I did a PPM tool implementation for a small federal government agency several years ago that was in exactly this position. My implementation was to be their third and final attempt. Fortunately I had learned about OCM practices by then. I employed several tactics to help make the implementation a success, including a PM maturity assessment, an assessment of the history of the two prior failed implementations, a sponsorship assessment, an OCM Chart, a communications plan with a marketing plan built in, and a training plan that included educating everyone affected by the tool at every level. At first they didn’t see the value in what I was doing (“this isn’t project planning…we don’t want to pay you for this!”), but it became apparent to them as the project moved forward the value that OCM added.

The PM maturity assessment showed me that we needed to deploy the tool’s functionality in four releases: (1) basic scheduling and timekeeping; (2) advanced scheduling and reporting; (3) portfolio management; and lastly (4) EV—which was what prompted them to buy the tool in the first place. I then had to convince their executives that my four-step release plan—with EV in release 4 instead of release 1—was the best way to go. They initially weren’t thrilled, but conceded that they couldn’t afford a third failure so agreed to proceed as planned. Had we not taken the maturity of the organization into account, we would have surely failed as the two preceding vendors had; three strikes and you’re out!

On my next and last post of this OCM series, I’ll cover how the capacity of the organization affects the adoption rate of organizational change in much the same manner as maturity does.

Share your maturity impact war stories with me!


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2 Comments on Maturity’s Impact on Organizational Change

Arash Momeni says:

Very interesting article and thoughtful observation indeed! Many organizations initiate PPM and ePMO transformations without performing upfront assessments on processes and people. I have been dealing with the executives’ “early morning shower ideas” driving some of these strategic transformation activities that left the mid-level management with no clear direction on how to manage the changes and of course technology is always to blame!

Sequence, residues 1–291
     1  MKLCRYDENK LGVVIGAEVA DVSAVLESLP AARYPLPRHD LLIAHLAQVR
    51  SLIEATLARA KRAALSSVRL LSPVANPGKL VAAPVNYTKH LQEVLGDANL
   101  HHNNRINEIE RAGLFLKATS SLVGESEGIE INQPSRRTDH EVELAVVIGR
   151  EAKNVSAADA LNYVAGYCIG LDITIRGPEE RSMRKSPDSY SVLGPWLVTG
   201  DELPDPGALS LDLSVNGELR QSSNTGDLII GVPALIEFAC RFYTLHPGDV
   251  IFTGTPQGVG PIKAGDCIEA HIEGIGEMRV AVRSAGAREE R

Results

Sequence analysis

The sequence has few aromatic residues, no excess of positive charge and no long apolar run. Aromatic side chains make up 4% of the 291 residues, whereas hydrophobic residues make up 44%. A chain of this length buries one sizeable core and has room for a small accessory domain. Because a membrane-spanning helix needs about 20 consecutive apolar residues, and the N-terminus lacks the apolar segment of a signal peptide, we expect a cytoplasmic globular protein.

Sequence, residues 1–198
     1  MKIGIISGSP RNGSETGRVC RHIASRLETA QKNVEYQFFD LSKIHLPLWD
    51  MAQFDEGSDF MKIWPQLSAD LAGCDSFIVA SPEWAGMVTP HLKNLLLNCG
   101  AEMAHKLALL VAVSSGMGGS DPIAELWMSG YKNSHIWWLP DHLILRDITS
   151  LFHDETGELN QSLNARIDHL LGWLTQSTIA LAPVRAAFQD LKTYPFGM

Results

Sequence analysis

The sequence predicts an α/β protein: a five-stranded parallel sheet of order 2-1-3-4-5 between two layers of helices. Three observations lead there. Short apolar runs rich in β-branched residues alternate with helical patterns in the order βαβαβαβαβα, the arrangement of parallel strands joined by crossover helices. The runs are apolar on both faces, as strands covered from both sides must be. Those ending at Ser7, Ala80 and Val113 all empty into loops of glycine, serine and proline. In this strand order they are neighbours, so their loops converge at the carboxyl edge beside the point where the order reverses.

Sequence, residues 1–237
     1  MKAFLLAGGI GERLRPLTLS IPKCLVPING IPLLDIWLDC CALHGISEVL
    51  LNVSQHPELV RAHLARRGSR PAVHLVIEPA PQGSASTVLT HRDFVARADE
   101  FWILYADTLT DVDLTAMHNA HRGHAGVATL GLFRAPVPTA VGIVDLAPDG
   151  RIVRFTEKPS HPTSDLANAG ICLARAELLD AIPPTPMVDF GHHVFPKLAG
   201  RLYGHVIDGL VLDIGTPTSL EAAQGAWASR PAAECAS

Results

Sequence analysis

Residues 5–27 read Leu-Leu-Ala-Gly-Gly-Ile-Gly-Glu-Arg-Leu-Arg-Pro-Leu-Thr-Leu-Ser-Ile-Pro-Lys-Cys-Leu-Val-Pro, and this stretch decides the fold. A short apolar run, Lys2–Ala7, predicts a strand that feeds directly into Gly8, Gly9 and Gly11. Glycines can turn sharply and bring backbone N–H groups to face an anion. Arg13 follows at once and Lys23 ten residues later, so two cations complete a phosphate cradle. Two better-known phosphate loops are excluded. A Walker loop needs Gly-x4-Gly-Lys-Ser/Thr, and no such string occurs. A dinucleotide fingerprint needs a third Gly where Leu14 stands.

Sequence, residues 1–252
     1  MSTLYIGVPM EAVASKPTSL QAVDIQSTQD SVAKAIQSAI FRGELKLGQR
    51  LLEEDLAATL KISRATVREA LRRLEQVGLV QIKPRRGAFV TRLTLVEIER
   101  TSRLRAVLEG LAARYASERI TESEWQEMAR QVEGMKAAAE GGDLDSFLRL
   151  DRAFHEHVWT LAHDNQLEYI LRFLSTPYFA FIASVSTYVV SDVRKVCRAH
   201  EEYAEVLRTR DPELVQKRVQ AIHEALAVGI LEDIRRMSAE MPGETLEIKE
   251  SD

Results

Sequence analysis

Posted on December 22, 2012 at 4:12 pm

Allen Young says:

Hi Arash,
At its core, maturity level has a significant influence on how fast an organization can embrace the change, and to what depth/extent over time—even if all other factors are positive. You wouldn’t give the keys to a Cadillac to a young child and expect him/her to drive without incident on day one—even if you could afford the car and had trained the child on how it works—yet that analogy still occurs in organizations on a regular basis. Why? Because top management wants change to happen quickly but doesn’t always think things through. I’ve seen countless organizations buy technical solutions such as ERP, CRM and/or PPM systems to solve what are primarily business problems without taking into account the maturity levels of the people and process sides of the house, and then when things don’t work out, they blame the tool! Same idea with implementing a PMO—especially at the enterprise level. Technology is a terrific enabler, provided the people and process aspects are adjusted/improved accordingly to accommodate the new toys. In terms of feature/function adoption and utilization, I’ve found that the “roll-over, crawl, walk and then run” approach is usually the best way to go. I have yet to see the “boil the ocean” approach on anything attempted at the enterprise level work successfully anywhere.

Posted on January 2, 2013 at 9:58 am